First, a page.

While not all dogs will experience significant mental decline as they age, various studies indicate that somewhere between five and fifteen percent of older dogs and cats, usually those over ten years old, will experience a condition similar to Alzheimer’s disease in humans. This condition, known in the veterinary field as canine cognitive dysfunction but often just referred to as canine dementia, can cause your dog a great deal of confusion and can manifest as disorientation, changing behavior, and sleep disturbances.
While dementia is disorienting and confusing, often for both you and your dog, it doesn’t affect your dog's senses. Dogs typically have somewhere around two hundred and twenty million scent receptors in their nose compared to the five million scent receptors that are present in the human nose, and while dogs that are older than seven or eight years old frequently experience some decline in their sense of smell, their olfactory acuity is still typically many times better than yours and mine. Scent work activities can help dogs that are experiencing canine cognitive dysfunction by both working their mind and by giving them more confidence.
This activity is helpful for dogs that are experiencing cognitive decline as it is designed to reward your dog for thinking creatively without asking them to remember specific commands. While the focal object that is used in this example is a box, the choice of focal object is only a recommendation, and any item will work as long as your dog can safely interact with it using their nose, paws, or even their mouth and it is not one of their own toys. This activity may provide the added benefit of reinforcing clicker training, possibly helping to keep the association between the clicker and the reward fresh in their mind.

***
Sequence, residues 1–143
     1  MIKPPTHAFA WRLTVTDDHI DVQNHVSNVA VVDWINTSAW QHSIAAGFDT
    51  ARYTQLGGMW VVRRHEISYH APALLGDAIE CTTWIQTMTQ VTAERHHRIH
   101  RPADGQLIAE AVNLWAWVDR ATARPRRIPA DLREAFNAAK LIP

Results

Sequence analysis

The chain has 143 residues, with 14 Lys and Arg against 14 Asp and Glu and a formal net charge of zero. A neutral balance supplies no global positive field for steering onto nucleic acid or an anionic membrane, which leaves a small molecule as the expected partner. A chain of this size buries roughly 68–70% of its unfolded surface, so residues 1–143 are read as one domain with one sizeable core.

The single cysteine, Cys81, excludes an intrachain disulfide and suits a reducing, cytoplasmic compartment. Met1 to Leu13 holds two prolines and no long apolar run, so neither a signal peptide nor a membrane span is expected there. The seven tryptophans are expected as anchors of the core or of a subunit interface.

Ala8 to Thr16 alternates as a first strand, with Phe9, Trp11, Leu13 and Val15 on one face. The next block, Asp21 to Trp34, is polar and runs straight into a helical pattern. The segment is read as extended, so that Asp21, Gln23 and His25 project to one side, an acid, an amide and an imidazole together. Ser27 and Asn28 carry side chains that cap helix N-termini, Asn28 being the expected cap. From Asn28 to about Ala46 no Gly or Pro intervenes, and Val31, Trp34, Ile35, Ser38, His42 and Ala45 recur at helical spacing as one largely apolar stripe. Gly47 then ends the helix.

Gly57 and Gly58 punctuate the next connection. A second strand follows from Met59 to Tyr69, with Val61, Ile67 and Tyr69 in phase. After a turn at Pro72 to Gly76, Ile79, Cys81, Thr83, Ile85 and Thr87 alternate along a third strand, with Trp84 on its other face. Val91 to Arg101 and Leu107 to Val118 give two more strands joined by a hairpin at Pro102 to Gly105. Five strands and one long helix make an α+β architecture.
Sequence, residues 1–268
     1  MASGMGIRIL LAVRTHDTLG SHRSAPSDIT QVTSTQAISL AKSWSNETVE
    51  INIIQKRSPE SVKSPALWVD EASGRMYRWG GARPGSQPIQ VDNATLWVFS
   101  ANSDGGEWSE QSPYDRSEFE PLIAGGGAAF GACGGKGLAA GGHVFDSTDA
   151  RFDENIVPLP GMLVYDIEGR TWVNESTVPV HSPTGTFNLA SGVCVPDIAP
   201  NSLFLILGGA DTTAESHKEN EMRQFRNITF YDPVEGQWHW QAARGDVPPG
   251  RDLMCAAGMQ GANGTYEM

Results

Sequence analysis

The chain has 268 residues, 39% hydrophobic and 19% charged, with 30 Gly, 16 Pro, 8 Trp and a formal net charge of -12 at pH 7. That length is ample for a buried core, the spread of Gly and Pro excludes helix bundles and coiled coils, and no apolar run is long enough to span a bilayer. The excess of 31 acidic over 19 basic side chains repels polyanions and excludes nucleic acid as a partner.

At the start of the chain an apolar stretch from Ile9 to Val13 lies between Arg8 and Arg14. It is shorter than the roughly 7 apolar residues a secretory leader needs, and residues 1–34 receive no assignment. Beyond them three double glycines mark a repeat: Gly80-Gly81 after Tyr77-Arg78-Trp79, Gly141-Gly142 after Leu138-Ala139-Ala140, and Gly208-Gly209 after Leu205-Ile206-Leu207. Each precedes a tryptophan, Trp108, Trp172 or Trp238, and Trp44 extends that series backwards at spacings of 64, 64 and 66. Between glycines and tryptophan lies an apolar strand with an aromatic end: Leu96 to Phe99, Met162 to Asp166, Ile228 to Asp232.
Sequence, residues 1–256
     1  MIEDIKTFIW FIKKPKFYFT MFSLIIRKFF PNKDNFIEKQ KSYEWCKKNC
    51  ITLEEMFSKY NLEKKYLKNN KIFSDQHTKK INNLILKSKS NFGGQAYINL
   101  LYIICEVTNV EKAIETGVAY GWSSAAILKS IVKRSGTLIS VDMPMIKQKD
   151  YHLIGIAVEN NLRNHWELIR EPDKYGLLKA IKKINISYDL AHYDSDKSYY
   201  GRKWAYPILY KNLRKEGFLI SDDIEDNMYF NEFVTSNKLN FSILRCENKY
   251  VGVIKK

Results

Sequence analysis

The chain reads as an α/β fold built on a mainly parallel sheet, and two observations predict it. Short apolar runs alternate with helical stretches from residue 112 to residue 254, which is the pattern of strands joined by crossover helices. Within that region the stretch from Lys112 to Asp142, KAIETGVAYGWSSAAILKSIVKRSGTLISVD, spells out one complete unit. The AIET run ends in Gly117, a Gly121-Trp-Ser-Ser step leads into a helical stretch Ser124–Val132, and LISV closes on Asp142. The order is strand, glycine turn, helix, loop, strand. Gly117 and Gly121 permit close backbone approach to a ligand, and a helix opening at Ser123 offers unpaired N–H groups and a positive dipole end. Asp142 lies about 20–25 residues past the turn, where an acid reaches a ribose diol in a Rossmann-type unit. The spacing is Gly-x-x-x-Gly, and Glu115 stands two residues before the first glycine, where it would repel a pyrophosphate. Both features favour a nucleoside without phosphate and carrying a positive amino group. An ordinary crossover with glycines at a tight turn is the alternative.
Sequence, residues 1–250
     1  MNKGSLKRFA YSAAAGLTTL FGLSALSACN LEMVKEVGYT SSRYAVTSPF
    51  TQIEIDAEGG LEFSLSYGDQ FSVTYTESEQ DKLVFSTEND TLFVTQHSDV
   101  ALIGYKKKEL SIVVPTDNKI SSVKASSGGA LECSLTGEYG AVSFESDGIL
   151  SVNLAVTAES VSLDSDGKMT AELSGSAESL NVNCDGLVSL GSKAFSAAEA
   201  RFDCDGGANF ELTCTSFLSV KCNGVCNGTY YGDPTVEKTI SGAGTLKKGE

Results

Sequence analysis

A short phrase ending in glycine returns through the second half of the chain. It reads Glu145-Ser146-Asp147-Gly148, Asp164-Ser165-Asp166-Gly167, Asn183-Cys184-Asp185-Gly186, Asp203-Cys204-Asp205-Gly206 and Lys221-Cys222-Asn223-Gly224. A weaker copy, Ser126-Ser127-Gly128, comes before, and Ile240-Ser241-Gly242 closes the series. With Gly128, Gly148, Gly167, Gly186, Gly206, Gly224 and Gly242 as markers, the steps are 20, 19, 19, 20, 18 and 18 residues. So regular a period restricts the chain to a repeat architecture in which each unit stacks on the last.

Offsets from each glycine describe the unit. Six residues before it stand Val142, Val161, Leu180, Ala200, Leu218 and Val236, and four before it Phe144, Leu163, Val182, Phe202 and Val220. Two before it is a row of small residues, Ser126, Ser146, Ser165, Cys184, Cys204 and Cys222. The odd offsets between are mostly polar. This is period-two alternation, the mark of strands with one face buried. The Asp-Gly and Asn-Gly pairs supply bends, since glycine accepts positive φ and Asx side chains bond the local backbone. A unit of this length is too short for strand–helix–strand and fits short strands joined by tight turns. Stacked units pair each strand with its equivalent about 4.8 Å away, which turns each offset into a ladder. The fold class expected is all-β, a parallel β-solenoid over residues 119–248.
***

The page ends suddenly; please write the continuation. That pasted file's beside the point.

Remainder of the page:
Dogs with dementia are often confused and disoriented and have trouble recognizing the people and places that are around them. This frequently has the effect of causing them to feel stress and anxiety. Massage is a relaxing activity that can help to reduce stress and anxiety and is well-suited to senior dogs as it can also improve circulation, and even help to reduce pain and inflammation from disorders that often plague older dogs, such as arthritis-related issues or dysplasias. This specific activity allows you to continue reinforcing your bond with your dog and provide them comfort and compassion, even through the later stages of the canine cognitive disorder.
many individuals, this is a good time to get a great portrait of your
pet, and there are many portrait studios
that specifically cater to dogs and their owners. If you don’t have the funds
for a professional portrait, your dog is uncomfortable going to new places, or
you just prefer a more casual setting, many photographers will come to you, or
you can simply choose to take the pictures yourself, just remember to include
yourself in a picture of two.
This is a fun game that can keep your dog thinking for quite some time. Problem-solving games and activities, like hide and seek, have shown some promise as a way to slow the process of cognitive decline. If your dog begins to show signs of frustration when playing, often wanders off before finding their target, or appears unduly startled when they find their target, it may be time to retire this activity.
While dogs that have developed Canine Cognitive Dysfunction may get confused and disoriented from time to time, they are still typically able to learn new things and enjoy new experiences for quite some time as long as a few considerations are taken. When introducing new activities or places to your dog with dementia, it may be more effective to take it gradually and ease your dog into the new experience, in order to avoid scaring or overwhelming your animal.